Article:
Legal fees of $1.35M bring pier cost to $15.6M & counting

Pier is complete; litigation continues; legal fees $1.35m & counting
Pier is complete; litigation continues; legal fees $1.35m & counting

Burlington has spent $1,349,952 (including all taxes) for external legal fees since 2008 in the ongoing litigation with the original contractor, engineer and others who worked on the pier. The fees were disclosed by Burlington’s City Manager Jeff Fielding at a press conference Jan. 30 at City Hall. (See presentation here.)

Council voted 6-1 at a special council meeting to disclose the total amount of legal fees spent on the pier. (Ward 4 Councillor Jack Dennison was the lone “no” vote).

Fielding confirmed the disclosure was in response to a Freedom of Information Request filed by the Burlington Post, and in recognition that in similar cases the Information and Privacy Commissioner can order disclosure of the total amount of legal fees.

The $1.35m does not include internal legal staff time. Those costs are not readily available, as city staff don’t track their hours by specific projects.

The pier cost $14.4 million to build. The fees bring the cost of the project to $15.6M and counting, since the legal dispute has yet to be settled. The original budget for the pier was $6.1 million in 2006, using leftover funds from federal and provincial investment in the Spencer Smith Park/Discovery Centre redevelopment.

Before the case goes to court, the parties are required to participate in mediation, and are encouraged to reach a voluntary settlement. Most of these cases are settled before a trial. Fielding confirmed that the discovery process has just completed, which tells us what the other parties know and how strong everyone’s case is. Mediation has been set for June 2014, but that date has already slipped a number of times. This dispute may extend into the next term of council.

My Take: I have long advocated to release the legal fees and requested the special council vote. I’ve never believed releasing the total amount of legal fees would compromise our legal position, and recent decisions from the Information and Privacy Commissioner in similar cases have ordered the release of this information. We’ve been aware of those decisions for several years, because those decisions were on the public record. I want to commend the Post for filing the Freedom of Information Request and keeping our feet to the fire on this. That is true public service journalism.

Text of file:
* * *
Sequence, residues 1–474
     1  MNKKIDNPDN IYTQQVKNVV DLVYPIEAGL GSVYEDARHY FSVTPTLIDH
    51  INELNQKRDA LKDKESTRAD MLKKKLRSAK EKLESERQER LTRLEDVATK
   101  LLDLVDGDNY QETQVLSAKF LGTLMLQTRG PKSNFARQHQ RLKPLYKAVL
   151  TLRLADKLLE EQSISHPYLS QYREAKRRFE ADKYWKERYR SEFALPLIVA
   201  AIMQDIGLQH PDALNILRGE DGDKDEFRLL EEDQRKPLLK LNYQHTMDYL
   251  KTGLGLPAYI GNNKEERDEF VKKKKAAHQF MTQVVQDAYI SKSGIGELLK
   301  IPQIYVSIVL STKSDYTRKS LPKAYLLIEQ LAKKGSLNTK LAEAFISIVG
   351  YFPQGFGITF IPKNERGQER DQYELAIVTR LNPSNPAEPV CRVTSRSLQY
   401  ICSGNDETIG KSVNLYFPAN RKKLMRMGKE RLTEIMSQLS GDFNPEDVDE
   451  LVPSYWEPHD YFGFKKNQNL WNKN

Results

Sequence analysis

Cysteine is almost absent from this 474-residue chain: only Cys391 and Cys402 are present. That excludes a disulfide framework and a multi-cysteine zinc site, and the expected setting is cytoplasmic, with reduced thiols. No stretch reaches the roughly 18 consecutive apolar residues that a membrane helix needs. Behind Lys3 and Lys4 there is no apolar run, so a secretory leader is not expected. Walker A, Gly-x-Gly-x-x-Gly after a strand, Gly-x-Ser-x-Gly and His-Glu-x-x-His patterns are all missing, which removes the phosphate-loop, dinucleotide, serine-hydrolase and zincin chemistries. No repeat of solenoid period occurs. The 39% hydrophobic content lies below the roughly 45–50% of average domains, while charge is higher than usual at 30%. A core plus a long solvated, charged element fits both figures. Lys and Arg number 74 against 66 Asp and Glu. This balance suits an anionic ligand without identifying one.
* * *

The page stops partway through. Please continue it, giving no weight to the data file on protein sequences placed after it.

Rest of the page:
Our goal in the ongoing litigation and any mediation discussions will be to get the best outcome for the taxpayers.

The bigger issue here is the total cost to the taxpayer of the pier including the legal fees. The full story has yet to be told on the cost and options considered to complete the project, including multiple offers from the original contractor and the ultimate decision to retender (which I did not support). The legal fees are the latest expenses on a nice-to-have project that has gobbled up need-to-have dollars for priority items like infrastructure.

Ultimately the costs and options considered to complete the pier must also be publicly released in the interest of transparency and accountability, and I will continue to advocate for release of this additional confidential information at the appropriate time.

We have an opportunity to learn from this experience in the life of our city, and use those learnings to make the best decisions for residents in the future.

Residents will make their own judgments about whether we have been good stewards of the money and decisions you entrust to us.

Your Take: What are your thoughts about the cost of the legal fees, the road ahead and eventual release of all the options and costs explored to complete the project? Leave a comment [here]()** What are your thoughts about the cost of the legal fees, the road ahead and eventual release of all the options and costs explored to complete the project? Leave a comment below.

I was inspired to seek public office because I believe, like so many of you, “I can do something about that” on the issues we face. As councilor, my role is to take a stand on what’s best for residents and go to bat for it. Pushback is inevitable from those who don’t have the community’s interests at heart. I will stand with you and for you, to achieve the best interests of our city, without caving to unacceptable compromise in the name of consensus.


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  1. It appears that Halton lawyers need to make money, off the backs of taxpayers. Disgusting!! What a legal mess and unnecessary expense.

  2. I guess Halton lawyers need to get rich off us taxpayers. What a waste of taxpayers money!! Took all my family enjoyment from a pier away.

  3. I have always wanted the City to work with the original contractor to finish the project. He would be the one dealing with all these legal issues and costs. Once we cut him loose the problems became the city’s . We also would not be seeing the incredible additional costs that we incurred.

  4. I appreciate the fine line you have to walk at times, keeping the public informed and getting along with council.

    But just think where this money could have been used, like getting snow removed in a more timely fashion or keeping up with infrastructure repairs

  5. As a lawyer myself, I can hardly believe that the City does not require legal counsel to track their time by projects. To not do so not only robs Council of valuable information about where resources are allocated, but also makes it hard for the City to recover any costs where there is an opportunity to do so such as at a hearing. Other public sector lawyers, such as those in the federal or provincial government legal sectors, have to “docket” their time. It is an industry standard and one that the City ought to be insisting on.

What's your take?